Eggcorns are everywhere

10 May, 2011

I know, I know, I have become a grumpy old man banging on about declining standards in the print (and all other) media.  The Irish Times is a particular bugbear, on the basis that we are (we were?) entitled to expect reasonable grammar, punctuation and editing standards from the so-called Paper of Record.

My previous post referred to an article published recently in the Irish Times which was critical of celebrity economists.  That article had this howler:

On a faithful [sic] night in September 2008, the then minister for finance urgently needed advice. Astonishingly, he knocked on David McWilliams’s door….

What are editors/sub-editors for? 

 Coincidentally, I had recently been reading about this particular solecism, which has been bestowed with the useful name “eggcorn”.  Wikipedia tells us that, in linguistics, an eggcorn is an idiosyncratic substitution of a word or phrase for a word or words that sound similar or identical in the speaker’s dialect. The new phrase introduces a meaning that is different from the original, but plausible in the same context, such as “old-timers’ disease” for “Alzheimer’s disease”.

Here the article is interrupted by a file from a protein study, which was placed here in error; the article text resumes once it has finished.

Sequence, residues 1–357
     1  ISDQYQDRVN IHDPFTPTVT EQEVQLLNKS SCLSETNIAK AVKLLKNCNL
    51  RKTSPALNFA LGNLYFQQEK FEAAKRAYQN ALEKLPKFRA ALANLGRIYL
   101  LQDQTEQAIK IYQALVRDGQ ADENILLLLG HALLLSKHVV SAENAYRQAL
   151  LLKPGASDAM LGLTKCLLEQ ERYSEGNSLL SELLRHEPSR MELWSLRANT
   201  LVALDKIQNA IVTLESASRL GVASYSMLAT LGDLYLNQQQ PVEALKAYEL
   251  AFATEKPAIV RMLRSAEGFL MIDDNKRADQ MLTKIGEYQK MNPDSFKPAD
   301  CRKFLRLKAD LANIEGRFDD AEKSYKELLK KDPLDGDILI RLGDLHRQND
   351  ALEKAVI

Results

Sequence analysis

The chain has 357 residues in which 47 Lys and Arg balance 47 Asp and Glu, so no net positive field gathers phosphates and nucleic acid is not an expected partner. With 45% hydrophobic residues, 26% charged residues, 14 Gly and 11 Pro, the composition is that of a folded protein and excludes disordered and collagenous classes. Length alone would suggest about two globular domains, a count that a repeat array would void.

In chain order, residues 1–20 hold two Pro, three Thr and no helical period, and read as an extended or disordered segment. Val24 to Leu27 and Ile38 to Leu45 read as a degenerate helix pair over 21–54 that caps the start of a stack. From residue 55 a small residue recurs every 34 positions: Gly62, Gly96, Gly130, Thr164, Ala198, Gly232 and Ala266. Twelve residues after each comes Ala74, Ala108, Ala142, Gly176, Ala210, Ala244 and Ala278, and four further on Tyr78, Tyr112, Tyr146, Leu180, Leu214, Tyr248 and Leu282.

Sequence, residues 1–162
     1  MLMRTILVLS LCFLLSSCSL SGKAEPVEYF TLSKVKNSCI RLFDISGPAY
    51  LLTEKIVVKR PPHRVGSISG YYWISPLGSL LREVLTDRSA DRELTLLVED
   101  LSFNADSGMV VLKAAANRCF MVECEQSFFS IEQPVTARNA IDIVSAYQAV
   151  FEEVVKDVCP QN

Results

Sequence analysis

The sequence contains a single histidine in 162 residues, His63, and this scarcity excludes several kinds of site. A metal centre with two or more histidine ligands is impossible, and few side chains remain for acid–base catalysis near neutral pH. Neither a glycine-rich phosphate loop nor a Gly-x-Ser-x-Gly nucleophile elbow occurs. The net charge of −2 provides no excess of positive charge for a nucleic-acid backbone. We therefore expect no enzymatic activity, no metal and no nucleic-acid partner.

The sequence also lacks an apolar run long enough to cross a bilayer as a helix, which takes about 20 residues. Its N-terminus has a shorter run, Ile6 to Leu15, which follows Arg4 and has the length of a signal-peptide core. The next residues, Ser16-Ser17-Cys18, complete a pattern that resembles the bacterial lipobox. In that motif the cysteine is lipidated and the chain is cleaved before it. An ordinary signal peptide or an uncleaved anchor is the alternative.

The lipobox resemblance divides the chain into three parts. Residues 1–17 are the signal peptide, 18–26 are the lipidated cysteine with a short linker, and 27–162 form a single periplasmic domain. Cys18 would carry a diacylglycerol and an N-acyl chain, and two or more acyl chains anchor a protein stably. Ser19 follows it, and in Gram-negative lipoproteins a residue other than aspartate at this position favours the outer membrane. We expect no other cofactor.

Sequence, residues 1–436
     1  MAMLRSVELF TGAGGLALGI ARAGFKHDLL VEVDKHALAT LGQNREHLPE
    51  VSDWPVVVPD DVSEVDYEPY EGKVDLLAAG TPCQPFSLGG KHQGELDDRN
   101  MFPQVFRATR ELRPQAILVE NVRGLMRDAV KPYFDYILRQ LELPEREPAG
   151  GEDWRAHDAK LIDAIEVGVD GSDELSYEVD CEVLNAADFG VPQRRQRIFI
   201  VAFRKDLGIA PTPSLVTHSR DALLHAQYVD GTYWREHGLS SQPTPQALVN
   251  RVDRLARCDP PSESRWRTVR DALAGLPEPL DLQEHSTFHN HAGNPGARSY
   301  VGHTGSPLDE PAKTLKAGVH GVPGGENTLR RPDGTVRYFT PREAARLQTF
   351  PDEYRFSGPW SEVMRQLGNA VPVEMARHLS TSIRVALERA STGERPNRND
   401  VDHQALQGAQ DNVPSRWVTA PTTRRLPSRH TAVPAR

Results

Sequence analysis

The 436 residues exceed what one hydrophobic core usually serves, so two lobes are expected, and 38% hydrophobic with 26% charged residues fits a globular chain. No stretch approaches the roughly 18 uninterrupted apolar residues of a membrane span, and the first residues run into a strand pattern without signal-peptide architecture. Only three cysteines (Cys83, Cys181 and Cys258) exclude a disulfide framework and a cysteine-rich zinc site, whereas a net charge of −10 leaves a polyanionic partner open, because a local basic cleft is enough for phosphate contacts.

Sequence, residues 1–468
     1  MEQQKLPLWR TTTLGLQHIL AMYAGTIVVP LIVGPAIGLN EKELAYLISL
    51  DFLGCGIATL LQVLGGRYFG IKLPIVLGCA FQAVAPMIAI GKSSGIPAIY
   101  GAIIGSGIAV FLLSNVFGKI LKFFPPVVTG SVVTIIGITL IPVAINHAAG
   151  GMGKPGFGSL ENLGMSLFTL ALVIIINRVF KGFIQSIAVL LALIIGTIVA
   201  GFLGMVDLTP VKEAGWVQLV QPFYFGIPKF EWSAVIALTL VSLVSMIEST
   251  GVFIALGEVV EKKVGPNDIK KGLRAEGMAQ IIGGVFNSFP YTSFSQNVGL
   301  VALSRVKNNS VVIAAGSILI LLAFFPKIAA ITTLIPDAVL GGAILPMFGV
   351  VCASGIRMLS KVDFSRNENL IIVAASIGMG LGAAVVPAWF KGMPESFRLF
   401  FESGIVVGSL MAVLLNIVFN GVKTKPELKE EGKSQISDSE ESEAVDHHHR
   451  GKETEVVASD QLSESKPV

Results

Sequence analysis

There is even an online database of such eggcorns here (I like damp squidthrows of passion).  Enjoy.

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